George Orwell will be so proud.

I can't wait until all the loony liberals who clamored for "free" health care and death to the wicked private insurers and greedy physicians....wake up and find that THEIR health care consists of little more than occasional band-aid treatments.....unless you work for the Federal government.....

Jack Mitchell said...

This may be your "opinion", but it is horse puckey!

If you get certain diseases or conditions, you become "unsalvagable" and must therefore be eliminated within a cost effective time period.

As someone that subsists off of tax dollars, you got a lot of gall! I guess, to be fair, Blackwater didn't exist when you took your oath, but there was the Legion. Oops, more Socialists.

This puke about "death panels," no matter how shaded in vaguery, is GARBAGE!

When you denounce the dole, I'll by you a bullhorn. Otherwise, stand at parade rest.

JoeS said...

In using mortality rates it is important to distinguish between deaths per 100,000 population per year and 5-year survival rates. The former is a measure of success of the combination of lifestyle, genetics and the health care system. The latter may be a measure of how early in the life cycle of a disease that a problem is identified.

I would expect the factor of 5 cited for UK vs. US is based on 5-yr survival rates. Finding out early is not so great if the outcome is inevitable.

ncrossland said...

Lets be perfectly clear about one thing Jack......I don't "subsist" off of tax dollars nor am I on "the dole" as you imply. Your accusations are horse pucky. The dole is defined as: In the UK, Unemployment Benefit has been known by the slang term 'the dole' since WWI. This derives from the 'doling out', i.e. 'handing out' of charitable gifts of food or money. This dates back to at least 1919, when it was recorded in The Daily Mail:

"You won't draw your out-of-work dole of 29s. this week."

I can assure you that I am not the recipient of charitable gifts of food or money. I paid for my promised retirement...worked damned hard for it....and don't you EVER denigrate my service to this are a supercillious cad.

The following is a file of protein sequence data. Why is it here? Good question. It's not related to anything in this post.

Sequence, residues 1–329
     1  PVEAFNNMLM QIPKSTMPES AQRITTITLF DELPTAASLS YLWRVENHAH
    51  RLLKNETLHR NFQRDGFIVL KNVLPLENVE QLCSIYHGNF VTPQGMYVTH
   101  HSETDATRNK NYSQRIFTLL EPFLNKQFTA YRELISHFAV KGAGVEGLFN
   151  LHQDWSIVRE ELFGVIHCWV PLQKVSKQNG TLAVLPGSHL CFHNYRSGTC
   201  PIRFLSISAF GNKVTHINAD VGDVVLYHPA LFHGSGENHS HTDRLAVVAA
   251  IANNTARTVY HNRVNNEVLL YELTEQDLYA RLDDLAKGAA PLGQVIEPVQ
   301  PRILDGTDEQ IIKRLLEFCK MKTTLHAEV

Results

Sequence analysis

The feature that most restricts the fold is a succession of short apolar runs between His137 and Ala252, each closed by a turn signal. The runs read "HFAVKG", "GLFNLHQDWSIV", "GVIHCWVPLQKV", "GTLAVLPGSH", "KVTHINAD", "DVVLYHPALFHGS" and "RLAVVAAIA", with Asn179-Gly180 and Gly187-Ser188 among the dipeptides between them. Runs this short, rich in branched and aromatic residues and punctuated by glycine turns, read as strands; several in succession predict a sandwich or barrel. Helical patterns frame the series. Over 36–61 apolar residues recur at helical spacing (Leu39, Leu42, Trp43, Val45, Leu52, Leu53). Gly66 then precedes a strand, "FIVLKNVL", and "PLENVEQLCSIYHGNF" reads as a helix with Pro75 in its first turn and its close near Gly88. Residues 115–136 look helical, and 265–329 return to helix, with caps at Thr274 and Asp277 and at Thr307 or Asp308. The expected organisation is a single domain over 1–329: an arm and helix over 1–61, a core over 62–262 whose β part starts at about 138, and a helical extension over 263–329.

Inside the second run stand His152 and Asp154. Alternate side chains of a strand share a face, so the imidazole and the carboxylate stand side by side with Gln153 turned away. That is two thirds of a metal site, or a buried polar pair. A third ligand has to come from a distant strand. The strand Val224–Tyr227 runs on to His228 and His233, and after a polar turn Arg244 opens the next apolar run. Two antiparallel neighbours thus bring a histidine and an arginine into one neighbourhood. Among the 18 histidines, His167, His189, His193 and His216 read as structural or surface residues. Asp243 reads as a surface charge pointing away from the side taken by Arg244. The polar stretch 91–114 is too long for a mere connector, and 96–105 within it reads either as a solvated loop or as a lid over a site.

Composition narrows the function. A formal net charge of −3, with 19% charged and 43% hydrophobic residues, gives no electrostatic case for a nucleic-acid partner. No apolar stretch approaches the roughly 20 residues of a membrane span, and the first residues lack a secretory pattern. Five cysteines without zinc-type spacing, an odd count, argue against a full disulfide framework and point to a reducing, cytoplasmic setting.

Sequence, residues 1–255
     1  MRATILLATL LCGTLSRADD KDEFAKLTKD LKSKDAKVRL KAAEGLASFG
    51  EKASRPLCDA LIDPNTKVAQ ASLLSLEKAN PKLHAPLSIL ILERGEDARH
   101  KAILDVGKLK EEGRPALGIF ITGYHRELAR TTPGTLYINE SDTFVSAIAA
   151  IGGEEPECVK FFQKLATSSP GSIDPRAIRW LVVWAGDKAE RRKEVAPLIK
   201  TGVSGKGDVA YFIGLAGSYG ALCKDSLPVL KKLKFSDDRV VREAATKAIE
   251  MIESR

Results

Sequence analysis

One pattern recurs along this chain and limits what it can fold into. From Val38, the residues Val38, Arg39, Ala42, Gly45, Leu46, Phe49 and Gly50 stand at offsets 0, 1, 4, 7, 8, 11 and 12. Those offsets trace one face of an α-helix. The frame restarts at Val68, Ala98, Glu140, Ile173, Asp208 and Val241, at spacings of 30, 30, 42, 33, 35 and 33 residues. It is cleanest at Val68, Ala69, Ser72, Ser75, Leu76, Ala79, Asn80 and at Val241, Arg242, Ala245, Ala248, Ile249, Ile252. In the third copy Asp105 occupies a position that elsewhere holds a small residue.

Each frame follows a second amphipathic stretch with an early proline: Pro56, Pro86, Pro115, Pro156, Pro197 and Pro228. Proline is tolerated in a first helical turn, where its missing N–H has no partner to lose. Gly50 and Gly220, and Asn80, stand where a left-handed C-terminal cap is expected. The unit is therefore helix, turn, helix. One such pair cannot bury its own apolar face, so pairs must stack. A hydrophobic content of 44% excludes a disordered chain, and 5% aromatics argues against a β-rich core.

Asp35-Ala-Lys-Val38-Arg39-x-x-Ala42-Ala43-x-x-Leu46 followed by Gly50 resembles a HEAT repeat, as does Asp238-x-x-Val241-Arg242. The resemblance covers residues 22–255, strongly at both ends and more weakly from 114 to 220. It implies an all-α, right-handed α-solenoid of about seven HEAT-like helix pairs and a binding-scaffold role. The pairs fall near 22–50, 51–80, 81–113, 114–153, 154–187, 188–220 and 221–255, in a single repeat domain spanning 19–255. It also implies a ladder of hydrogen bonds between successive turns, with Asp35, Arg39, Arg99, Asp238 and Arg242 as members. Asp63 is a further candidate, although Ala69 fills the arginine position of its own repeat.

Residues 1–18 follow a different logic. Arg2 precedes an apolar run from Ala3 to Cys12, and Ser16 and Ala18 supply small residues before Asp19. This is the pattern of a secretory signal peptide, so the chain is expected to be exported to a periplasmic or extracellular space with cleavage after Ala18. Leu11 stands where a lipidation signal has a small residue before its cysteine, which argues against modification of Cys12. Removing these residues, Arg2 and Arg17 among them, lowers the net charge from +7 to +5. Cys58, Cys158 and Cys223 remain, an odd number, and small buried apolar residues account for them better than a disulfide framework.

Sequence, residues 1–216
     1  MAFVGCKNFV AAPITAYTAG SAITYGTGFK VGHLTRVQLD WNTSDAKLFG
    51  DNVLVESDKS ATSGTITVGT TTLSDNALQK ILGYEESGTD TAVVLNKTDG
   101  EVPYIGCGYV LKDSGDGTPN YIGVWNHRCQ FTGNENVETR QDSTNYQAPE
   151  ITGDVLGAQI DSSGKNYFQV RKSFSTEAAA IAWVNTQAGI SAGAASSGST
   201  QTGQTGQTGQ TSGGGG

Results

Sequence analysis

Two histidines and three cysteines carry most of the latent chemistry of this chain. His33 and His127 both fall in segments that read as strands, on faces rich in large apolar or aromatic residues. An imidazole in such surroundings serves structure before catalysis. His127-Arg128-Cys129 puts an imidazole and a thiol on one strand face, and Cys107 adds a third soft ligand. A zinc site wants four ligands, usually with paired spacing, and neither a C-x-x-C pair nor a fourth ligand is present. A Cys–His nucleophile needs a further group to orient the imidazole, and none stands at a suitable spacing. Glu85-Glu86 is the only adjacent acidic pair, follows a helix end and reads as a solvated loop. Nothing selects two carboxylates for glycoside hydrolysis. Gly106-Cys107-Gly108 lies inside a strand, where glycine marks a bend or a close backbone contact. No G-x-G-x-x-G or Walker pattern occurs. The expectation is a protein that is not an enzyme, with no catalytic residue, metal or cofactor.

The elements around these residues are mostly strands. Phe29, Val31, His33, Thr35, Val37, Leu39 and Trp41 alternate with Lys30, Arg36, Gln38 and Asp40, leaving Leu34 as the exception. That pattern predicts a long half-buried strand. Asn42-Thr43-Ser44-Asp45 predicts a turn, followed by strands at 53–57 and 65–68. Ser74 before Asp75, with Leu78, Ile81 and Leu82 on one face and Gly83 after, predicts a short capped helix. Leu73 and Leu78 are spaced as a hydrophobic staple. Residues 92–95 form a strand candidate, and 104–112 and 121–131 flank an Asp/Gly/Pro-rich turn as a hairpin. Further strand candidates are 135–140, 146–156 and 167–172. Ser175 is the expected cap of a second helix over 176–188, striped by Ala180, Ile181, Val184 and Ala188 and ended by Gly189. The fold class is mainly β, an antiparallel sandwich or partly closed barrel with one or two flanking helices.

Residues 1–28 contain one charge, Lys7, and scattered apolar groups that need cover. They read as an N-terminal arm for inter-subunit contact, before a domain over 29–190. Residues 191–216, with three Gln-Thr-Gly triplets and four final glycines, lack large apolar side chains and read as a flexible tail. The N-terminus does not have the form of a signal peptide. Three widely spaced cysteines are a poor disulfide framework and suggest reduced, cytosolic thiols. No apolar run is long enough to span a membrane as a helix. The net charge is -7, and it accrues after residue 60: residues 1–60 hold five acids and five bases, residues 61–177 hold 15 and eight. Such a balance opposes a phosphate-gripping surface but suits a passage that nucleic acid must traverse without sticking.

And I never mentioned death panels...You did. What is mentioned in a great many ways in the legislation is the "rationing" of health care. Of course, you are a non-believer having consumed the Obama Koolaid. Time will tell however.

Jack Mitchell said...

I scoff at you biting the hand the feeds you, not how you came about the hand out.

The phrase is "All gave some. Some gave all." There is no mention of just compenstation for services rendered.

H/T to you. You got one hell of a collective bargaining agreement. Next time I'm advocating for better veterans benefits, as we tax and spend liberals so often do, I'll remember to ignore your contempt.

PS. Retired military should refrain from "koolaid" lectures.

ncrossland said...

Jack, you are beneath my most vehement contempt.....and what restraint I can possibly muster prevents me from telling you what an insufferable, self righteous little worm I think you really are.....

Please don't advocate for those of us who served a lifetime......your "sacrifice" makes me violently ill.

tim said...

I must say, I do appreciate ncrossland's knack for understatement. It's really quite refreshing, compared to some of the over-the top rhetoric found on the internets.

C R Krieger said...

Well, I am trying to steer clear of part of this discussion, but as to the comment from JoeS, I must say that it is all a little confusing to those of us who try to understand what the numbers mean.

I was able to borrow from my Daughter two books on this kind of thing this week and will be looking at them for some insight, but I am afraid it is only going to be more confusing.  A quick glance showed that it was a lot of formulas and little prose.  And a certain amount of arbitrary decision making in doing the tables.

The comment "Finding out early is not so great if the outcome is inevitable." reminds me that not every society sees this the same way.  I remember from about ten years ago that there was some chap in Japan who sued the physician because the physician kept back the fact that his wife had cancer and was dying.  At the end of the day the Japanese Supreme Court ruled for the physician, saying that he protected the wife from embarrassment.  I am not sure dying in the dark is such a good thing either.

Regards  —  Cliff